Iowa, with or without the candidatesBy Nola Lebrecht | December 2, 2015
Every four years around this time, Iowa gets a lot of attention. The presidential campaign season officially starts here with the Iowa caucuses. Presidential aspirants are everywhere—speaking at farms, airplane hangars, high school auditoriums, senior centers, diners, and factories.
If there’s one thing every candidate and audience member can agree upon (and there may be only one thing), it’s that everyone wants to make sure those places of assembly, restaurants, and workplaces are safe. Every structure should be of sound construction, sustainable in a natural disaster, and compliant with the most current building codes. The job of enforcing those standards lies with the local building code enforcement agency, usually the municipal building department.
Building code officials may not get as much attention as the quadrennial visitors to Iowa, but they should. Nationally, building code officials are stretched for resources. Their funding is usually dependent on similarly stretched municipal governments and the often undependable and indeterminate funding source of user fees. On average, every building code official in Iowa is serving 4,506 members of the population. And if that seems like a lot, it’s almost 20 percent better than the national average of 5,550.
So, although Iowa building code officials are always looking for ways to improve their communities’ codes and enforcement, they need to allocate their time and resources wisely. That’s why my colleague Del Amsden and I were particularly pleased when Linda Rivers, building code official for the city of Walcott, Iowa, asked us to speak before the Iowa Association of Building Officials (IABO) at their meeting in Des Moines.
Rivers and her colleagues wanted to hear about ISO’s Building Code Effectiveness Grading Schedule (BCEGS®), which assesses the building codes in effect in a community and how well they’re enforced. It was a great opportunity to explain the benefits of BCEGS for their departments and communities and how the information is integrated into the property insurance underwriting process.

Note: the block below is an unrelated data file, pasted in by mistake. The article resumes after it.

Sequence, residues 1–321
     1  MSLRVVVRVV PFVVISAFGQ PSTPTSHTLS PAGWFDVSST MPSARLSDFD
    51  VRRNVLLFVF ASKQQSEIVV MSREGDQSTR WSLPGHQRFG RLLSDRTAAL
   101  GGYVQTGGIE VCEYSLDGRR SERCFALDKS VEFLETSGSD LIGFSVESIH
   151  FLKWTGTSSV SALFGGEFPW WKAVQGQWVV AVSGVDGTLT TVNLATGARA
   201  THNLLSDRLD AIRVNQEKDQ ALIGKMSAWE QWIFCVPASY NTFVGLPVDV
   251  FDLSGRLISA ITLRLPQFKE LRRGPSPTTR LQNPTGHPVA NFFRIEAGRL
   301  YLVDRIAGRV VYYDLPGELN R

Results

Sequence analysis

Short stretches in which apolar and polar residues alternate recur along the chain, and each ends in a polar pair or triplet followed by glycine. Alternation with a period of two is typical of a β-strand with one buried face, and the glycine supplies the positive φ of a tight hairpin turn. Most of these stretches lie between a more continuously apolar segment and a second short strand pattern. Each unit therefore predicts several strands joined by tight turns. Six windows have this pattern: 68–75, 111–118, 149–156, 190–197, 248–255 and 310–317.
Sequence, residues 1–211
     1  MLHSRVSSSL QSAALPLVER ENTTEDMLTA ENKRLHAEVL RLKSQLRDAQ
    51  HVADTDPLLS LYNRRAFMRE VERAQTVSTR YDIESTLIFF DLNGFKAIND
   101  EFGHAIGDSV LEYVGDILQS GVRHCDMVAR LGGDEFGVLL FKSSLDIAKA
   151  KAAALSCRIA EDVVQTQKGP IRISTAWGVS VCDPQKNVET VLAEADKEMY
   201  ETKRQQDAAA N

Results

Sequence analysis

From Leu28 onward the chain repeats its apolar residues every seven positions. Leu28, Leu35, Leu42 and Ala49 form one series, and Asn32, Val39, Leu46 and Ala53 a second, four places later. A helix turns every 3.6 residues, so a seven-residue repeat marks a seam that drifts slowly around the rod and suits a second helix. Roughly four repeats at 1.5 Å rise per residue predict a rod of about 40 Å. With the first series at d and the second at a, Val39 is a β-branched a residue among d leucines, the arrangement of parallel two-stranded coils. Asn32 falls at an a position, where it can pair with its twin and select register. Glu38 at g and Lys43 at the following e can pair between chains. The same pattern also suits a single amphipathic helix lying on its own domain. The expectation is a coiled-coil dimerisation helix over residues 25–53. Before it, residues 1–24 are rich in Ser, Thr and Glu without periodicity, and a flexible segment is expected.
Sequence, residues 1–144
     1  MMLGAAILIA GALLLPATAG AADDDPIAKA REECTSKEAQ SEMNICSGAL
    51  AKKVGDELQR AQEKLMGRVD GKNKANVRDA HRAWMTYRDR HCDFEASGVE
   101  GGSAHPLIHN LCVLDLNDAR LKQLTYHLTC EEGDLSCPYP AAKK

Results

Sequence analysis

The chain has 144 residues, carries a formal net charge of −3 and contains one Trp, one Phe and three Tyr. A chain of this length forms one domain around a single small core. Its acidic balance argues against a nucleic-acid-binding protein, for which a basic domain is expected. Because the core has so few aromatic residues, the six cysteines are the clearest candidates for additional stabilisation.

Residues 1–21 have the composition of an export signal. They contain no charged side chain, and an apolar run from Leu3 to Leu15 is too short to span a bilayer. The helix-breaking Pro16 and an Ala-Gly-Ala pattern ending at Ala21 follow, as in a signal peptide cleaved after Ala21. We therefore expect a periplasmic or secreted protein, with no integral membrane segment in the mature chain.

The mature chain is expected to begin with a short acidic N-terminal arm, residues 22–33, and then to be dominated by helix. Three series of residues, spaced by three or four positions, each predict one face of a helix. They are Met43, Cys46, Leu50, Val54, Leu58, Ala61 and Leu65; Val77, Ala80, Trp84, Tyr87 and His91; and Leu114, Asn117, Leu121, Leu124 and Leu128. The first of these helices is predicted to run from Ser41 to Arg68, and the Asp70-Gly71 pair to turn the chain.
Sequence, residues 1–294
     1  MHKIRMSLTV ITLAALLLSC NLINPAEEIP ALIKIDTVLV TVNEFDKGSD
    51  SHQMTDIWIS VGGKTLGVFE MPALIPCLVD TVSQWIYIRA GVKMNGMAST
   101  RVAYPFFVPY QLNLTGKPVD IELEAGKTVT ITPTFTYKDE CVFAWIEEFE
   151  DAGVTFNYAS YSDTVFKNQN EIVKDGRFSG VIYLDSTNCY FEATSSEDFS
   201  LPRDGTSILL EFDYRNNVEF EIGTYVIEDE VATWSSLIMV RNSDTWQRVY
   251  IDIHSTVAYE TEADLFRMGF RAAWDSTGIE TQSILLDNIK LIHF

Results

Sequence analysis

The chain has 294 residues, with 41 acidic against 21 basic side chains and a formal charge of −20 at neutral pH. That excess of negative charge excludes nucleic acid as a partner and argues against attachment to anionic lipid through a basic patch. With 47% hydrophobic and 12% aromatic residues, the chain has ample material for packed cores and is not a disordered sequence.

The bottom line for our message was simple: Municipalities with well-enforced, up-to-date codes should demonstrate better loss experience, and insurance rates can reflect that. The prospect of lessening catastrophe-related damage and ultimately lowering insurance costs provides an incentive for communities to enforce their building codes rigorously—especially as they relate to windstorm and earthquake damage.
Quite frankly, it’s not uncommon for building code officials to be less than enthusiastic about taking the time to participate in BCEGS. They’re often uncertain about the benefit to their community for the perceived time investment. But our BCEGS field staff works to make the process as positive as possible for building code officials. Based on the response and insightful questions that came from our Iowa presentation, I can assure you it was well received.
Almost all states have some sort of building code official group, whether one large, statewide group or various local chapters. Their regular meetings are excellent opportunities to explain the BCEGS program in detail and answer questions from a larger audience of code officials. ISO has informative presentations about BCEGS tailored for every region of the country, making each relevant to the specific audience.
If you’re a building code official and want to have us present at your next meeting, or you just want more information about the BCEGS program, please go to the ISO Community Hazard Mitigation website. We have staff from coast to coast ready to assist your community’s building department.
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